This post is spurred in part by some of the comments on yesterday’s post. That post was itself an extension of the two that preceded it. All of which is to say you might want to start a bit further back before reading here.
The Family Scholar’s paper I’ve discussed focusses on the well-being of the donor-conceived. A number of the questions (they are included at the end of the report, around pages 88-94, for instance) ask about how the respondent feels. It’s here you will find information such as that 8% feel like “a freak of nature” while 26% feel “special” and 43% feel it is “not a big deal.” (It appears to me that this was a question where you could check all that apply, so the percentages recorded in all the answers total more than 100%. “Not a big deal” scores the highest percentage of all the possible answers.)
What I suggested last time was that the way people feel about being donor conceived is probably affected by (if not determined by) the reactions of those around them and by the image of the donor conceived within the general culture. I think this is relatively uncontroversial: If a person is or feels stigmatized because of some characteristic, it generally makes the person feel bad.
Stigmatization is not always a bad thing. It’s a powerful social force and, like many forces, it can be used for good or for ill. For instance, I think it is a good idea to stigmatize driving while intoxicated and also teen-age smoking. Yes, it might make some people feel bad about themselves, but I think that helps deter behavior which I’d say is objectively dangerous and undesirable.
I should also note that there are of course degrees of stigmatization, and perhaps there is also a sort of negative social judgment that falls short of being called stigma. Perhaps the language I am using here is not quite sufficiently refined, but it is the best I can do at the moment. I think the general points hold.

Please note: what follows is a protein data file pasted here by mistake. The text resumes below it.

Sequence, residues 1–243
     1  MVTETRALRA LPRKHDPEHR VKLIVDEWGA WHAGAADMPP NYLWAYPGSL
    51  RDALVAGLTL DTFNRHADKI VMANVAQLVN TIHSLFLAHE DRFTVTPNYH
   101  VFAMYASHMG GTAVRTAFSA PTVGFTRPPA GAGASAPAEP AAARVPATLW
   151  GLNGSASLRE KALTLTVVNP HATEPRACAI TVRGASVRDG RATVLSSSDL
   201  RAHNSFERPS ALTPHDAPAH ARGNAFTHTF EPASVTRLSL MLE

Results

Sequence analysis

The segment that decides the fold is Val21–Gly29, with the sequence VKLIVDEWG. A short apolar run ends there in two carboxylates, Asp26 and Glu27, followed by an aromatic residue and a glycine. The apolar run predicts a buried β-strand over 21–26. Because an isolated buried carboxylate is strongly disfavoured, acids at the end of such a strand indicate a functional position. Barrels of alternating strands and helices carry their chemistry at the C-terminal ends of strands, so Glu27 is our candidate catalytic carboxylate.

To return to the topic at hand, I think one critical question is whether there is anything inherently undesirable about using third-party gametes. If there is, then stigmatizing their use will reduce undesirable conduct, which you would say was a good thing.
But I don’t think you can simply argue that using third party gametes is undesirable because people produced via third party gametes feel bad about the circumstances of their creation. They may feel bad, in whole or in part, because of the social judgment that the use of third-party gametes is a bad thing. Certainly to the extent they do feel bad, stigmatization cannot be helping. If you altered the initial judgment that the practice was wrong, you’d find that at least to some degree, people conceived via third party gametes would feel better about the circumstances of their conception and about themselves.
I will offer a concrete example of the what I’m referring to. Please note that I do not mean to suggest that the people who I’m about to discuss are similar to the donor-conceived. I only mean to use this as an illustration of the extent to which reasoning could be circular.
Thirty years ago it was widely said that being lesbian or gay was unhealthy, or sick, or immoral or otherwise bad. There were few if any positive role models for young lesbian and gay people. And many people who were lesbian or gay felt bad about themselves. (You can find studies that reflect this.) As social attitudes changed (as being lesbian/gay became destigmatized) people had less reason to feel bad about themselves. They no longer were lead to believe they were sick. Instead, there was increasing understanding that they were normal, though perhaps different. As a result, indicators of the general psychological well-being of lesbian/gay people rose.
Thirty years ago you could have used the fact that lesbians and gay men felt bad about themselves to argue that being lesbian or gay was bad or unhealthy. But you’d just be closing the circle–observing the effect created by the initial judgment.
I’m not suggesting that we ignore the harm that is reflected in the studies, though it is worth remembering, as the report notes, that a substantial number of donor conceived people don’t appear to be suffering any harm. But we cannot address the harm until we know its cause. I don’t know how to unearth the cause of the harm–how to identify how much of it might be caused by shame, secrecy, social ostracization and the like. But I wonder sometimes if blanket assertions made about the absolute importance of knowing genetic lineage or the superiority of genetic parenthood may be part of the problem.